ISO Guidance on Social Responsibility Advances Toward Publication With Substantial–But Not Unanimous–International Support
The International Organization for Standardization (ISO) reached a milestone in February when countries participating in the development of ISO 26000, Guidance on social responsibility, approved the latest version of their document as a Draft International Standard. This brings ISO one step closer to publication of an International Standard which could occur later in 2010 or in 2011.
The road to this milestone has been long and bumpy. Seven meetings of 430 experts from 90 countries and representing 40 organizations have been held, and what could be the final one is scheduled for May 2010. Although the Danish host of the May meeting, Ole Blöndal, stated in his invitation letter that the document now represents “broad consensus on common guidelines among different stakeholders around the world,” the results of the DIS ballot suggest that serious differences of opinion remain. Before returning to that topic, let’s take a closer look at the content of the standard.
The heart of the document is found in sections 3-6. Section 3 introduces the topic of social responsibility through discussions of its historical background, recent trends, characteristics of social responsibility, and the different roles for states and organizations with respect to the creation and application of laws.
Seven principles of social responsibility are set forth in section 4. They include:
• Ethical behavior
• Respect for stakeholder interests
• Respect for the rule of law
• Respect for international norms of behavior
• Respect for human rights.
Section 5, “Recognizing social responsibility and engaging stakeholders,” provides guidance on the relationship between an organization and its stakeholders and society. It defines core subjects and issues of social responsibility and describes the “sphere of influence” on these subjects and issues that an organization has.
The “core subjects” covered by the standard include the most likely economic, environmental and social impacts that should be addressed by organizations, namely:
• Organizational governance
• Human rights
• Labor practices
• The environment
• Fair operating practices
• Consumer issues
• Community involvement and development.
Section 6 of the standard is organized around the core subjects and associated issues relating to social responsibility. Subsections provide an overview for each subject, principles and considerations in understanding an organization’s role with respect to the topic, and detailed descriptions of issues and what related actions and expectations an organization should take with respect to them. For example, in subsection 6.5, the guidance provides an overview of the relationship of an organization to the environment and identifies four principles for organizations: environmental responsibility, use of the precautionary approach, environmental risk management, and polluter pays.
A section on “considerations” refers organizations to the following approaches and strategies:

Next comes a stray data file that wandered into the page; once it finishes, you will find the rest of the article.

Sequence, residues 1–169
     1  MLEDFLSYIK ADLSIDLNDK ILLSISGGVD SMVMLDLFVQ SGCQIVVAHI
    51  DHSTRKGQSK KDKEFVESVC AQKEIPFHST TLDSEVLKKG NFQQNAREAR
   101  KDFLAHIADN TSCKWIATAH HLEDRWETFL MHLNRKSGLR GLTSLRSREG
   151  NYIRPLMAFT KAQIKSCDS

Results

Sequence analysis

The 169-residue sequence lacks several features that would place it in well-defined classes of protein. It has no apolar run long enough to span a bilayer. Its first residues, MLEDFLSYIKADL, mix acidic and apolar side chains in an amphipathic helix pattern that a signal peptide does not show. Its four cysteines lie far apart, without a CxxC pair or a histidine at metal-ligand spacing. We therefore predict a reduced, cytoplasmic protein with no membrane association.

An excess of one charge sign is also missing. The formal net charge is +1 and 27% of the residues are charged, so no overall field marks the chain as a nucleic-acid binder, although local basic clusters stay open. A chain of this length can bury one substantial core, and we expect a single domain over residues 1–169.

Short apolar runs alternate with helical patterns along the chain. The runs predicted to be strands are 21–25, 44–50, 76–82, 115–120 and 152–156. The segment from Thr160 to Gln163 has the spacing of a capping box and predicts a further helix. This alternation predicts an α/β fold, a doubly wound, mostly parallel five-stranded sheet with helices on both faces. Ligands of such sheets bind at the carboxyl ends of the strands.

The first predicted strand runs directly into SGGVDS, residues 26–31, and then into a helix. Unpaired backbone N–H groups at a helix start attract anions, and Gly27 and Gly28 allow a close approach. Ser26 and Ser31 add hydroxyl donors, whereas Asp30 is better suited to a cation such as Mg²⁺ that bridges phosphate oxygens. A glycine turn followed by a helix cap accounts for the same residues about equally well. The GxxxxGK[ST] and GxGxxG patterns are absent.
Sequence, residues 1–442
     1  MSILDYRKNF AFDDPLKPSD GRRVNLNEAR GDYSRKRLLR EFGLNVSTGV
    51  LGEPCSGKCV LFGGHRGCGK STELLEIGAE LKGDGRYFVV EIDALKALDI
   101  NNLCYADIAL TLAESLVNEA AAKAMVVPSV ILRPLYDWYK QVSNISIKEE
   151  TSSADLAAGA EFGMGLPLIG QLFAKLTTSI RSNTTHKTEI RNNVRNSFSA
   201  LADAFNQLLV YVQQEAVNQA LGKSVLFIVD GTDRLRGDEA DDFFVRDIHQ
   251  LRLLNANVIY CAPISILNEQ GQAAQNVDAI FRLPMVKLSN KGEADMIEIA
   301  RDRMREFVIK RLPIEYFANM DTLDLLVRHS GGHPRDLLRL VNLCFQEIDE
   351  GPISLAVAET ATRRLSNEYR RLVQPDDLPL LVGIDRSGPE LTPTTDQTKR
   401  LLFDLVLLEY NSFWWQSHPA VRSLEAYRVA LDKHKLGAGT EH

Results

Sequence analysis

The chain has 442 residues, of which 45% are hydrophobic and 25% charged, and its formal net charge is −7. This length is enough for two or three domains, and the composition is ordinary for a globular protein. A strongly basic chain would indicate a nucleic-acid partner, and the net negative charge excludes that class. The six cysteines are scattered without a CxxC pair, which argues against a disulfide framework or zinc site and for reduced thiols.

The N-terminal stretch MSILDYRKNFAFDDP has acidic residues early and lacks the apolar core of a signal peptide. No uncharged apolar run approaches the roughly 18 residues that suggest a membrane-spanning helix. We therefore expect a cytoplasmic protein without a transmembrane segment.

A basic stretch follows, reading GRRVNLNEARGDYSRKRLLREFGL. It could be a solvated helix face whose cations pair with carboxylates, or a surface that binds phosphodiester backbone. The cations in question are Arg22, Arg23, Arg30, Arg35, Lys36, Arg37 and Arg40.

• Life cycle thinking
• Environmental impact assessment
• Cleaner production and eco-efficiency
• A product-service system approach
• Use of environmentally sound technologies and practices, and
• Sustainable procurement.
Four environmental issues are analyzed in detail. They include prevention of pollution, sustainable resource use, climate change mitigation and adaptation, and protection of the environment and restoration of natural habitats.
Section 7 provides guidance on integrating social responsibility throughout an organization. Topics include increasing understanding of social responsibility and setting expectations, communication, taking action, monitoring progress and improving performance, and evaluating the relevance of voluntary initiatives outside the organization that are designed to assist organizations in meeting social responsibility objectives.
When all the country votes on adopting ISO 26000 as a Draft International Standard were counted in February 2010, the document that so many experts had worked on since 2005 barely achieved the needed margins for approval. It needed 52 affirmative votes and got 56; and it had to attract no more than 19 negative votes (it received 18). Half of no votes came from states in the Middle East. The other nine negative votes were cast by an array of countries that included Russia, China, India, Malaysia, Cuba, Viet Nam and Kazakhstan. Thirteen countries abstained or did not vote.
ISO/DIS 26000 represents a serious attempt to address the social responsibilities of organizations. The document is not designed to be used for certification purposes, and explicitly says that any certification program that makes such a claim is misrepresenting the intent of the standard. Nonetheless, it is difficult to define “actions and expectations” related to the world’s most important economic, social and environmental issues and not expect watchdogs, self-appointed or otherwise, to take heed and to hold organizations accountable for their actions, or inactions.
ISO/DIS 26000 is available for download at www.iso.org/wgsr.
© Futurepast: Inc., 2010